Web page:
I’ll never forget my mother’s friend’s face. She went so pale. Her knees gave out from under her and she collapsed. No one, not her children or my mother or any of her friends knew anything about this lost daughter she’d had at 16. Sent away from Brisbane to Sydney to an unwed mother’s home in Darlinghurst – all alone at the most vulnerable moment in your life.
Their reunion was troubled and hard. So many incriminations, so much guilt and shame. Over the months that followed, I found out little snippets about what happened to her at the Unwed Mother’s Home and at the hospital. And it was a story that was repeated to me again when I started researching Love Child. It was harrowing to say the least. I was utterly horrified and scared by the stories. My mother said it was just what happened back then if you got yourself into trouble. Even at 11 I knew it was something that shouldn’t be talked about. It was too painful, too dangerous somehow.
So after that year, we never talked about it anymore. So cut to thirty years later when I read about the NSW inquiry into forced adoptions I was deeply interested. The report that came out from that inquiry was a staggering reading: 250,000 women had gone through this system from the late 50s to the early 80s. The experience of our family friend was replicated over and over on its pages. I knew then I wanted to tell this story.
How would you describe the second season for our readers?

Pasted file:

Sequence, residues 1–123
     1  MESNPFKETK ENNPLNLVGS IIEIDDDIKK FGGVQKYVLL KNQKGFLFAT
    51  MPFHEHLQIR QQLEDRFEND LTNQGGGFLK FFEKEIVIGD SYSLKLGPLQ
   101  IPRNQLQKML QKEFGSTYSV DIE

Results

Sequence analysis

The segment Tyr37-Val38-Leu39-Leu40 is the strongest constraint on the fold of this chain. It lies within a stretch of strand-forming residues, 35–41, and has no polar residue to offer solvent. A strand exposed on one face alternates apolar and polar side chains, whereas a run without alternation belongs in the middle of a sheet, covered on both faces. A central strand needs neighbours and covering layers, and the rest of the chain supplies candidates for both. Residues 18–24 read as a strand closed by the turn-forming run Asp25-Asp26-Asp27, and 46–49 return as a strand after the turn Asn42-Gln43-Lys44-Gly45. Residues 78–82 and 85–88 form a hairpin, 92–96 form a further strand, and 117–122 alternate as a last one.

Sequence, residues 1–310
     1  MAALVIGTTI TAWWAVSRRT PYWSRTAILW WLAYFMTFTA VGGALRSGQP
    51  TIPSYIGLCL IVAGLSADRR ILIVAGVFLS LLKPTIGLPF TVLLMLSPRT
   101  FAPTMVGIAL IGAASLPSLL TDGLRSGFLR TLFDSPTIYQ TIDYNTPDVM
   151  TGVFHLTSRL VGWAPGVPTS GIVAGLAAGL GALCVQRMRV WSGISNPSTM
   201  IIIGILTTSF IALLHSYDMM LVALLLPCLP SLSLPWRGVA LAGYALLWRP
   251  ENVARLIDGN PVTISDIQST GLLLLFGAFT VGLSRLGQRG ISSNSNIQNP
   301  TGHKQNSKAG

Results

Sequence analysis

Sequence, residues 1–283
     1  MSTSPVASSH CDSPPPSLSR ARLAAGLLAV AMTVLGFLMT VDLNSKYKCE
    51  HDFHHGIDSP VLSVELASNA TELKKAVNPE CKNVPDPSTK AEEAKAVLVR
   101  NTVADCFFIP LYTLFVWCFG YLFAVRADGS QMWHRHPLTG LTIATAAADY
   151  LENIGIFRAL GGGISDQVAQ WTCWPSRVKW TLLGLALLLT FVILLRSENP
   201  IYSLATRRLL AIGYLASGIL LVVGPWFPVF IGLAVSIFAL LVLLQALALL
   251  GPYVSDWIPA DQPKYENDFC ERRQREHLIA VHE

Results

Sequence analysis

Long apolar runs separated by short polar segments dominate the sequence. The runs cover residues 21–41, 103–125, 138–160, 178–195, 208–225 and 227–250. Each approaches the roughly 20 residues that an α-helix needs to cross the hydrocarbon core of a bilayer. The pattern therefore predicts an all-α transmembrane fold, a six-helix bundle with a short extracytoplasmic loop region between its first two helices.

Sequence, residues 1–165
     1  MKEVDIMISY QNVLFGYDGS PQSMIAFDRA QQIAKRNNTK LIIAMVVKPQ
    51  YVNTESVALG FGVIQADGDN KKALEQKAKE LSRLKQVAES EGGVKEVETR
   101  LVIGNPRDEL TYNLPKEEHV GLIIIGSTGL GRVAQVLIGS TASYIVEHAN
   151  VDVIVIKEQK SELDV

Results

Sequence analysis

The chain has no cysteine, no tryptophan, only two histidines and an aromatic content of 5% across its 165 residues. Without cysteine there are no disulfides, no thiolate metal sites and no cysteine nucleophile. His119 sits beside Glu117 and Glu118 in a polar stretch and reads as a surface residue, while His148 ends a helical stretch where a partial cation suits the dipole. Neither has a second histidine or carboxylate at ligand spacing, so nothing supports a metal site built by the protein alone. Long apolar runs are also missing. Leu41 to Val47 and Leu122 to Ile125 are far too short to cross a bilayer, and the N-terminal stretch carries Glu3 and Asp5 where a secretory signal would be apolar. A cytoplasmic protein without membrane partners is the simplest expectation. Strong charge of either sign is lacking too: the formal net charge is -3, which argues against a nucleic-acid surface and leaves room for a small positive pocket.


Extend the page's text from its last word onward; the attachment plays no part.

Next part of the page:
The second season sees the original girls who were brought together at Stanton House, a home for Unwed mothers, finally all have their babies and have to deal with life after Stanton House. Can they go back to their old lives after everything they’ve been through? Or has the experience changed them forever?
It’s about finding chosen family – the sisterhood of these women bonded through such extremity and loss. It’s about all the characters forging new futures as they step into the 1970s when Australia was a cultural cross roads. The series also follows Joan’s new role as a resident at Kings Cross hospital facing the hurdles of being the only female resident in a very male dominated medical establishment.
The series explores the rise of feminism and the civil rights movement in Australia. Is this a topic you personally feel passionate about?
I do feel passionate about feminism and civil rights. It’s part of my attraction to the era of the late 60s and early 70s. You only have to look at the issues facing women in particular back in the late 60s and see how far we’ve come, and how much we take for granted as modern women.
You could only get the pill if you were married. There was no sex education to speak of. You were still expected to leave your job when you got hitched. Having a real career was challenging to say the least. Getting a loan from a bank as a single woman was impossible. Equal rights and pay were just slogans (still are really!) and single parents were pariahs who had no support. We’ve come a long way but there’s still a way to go.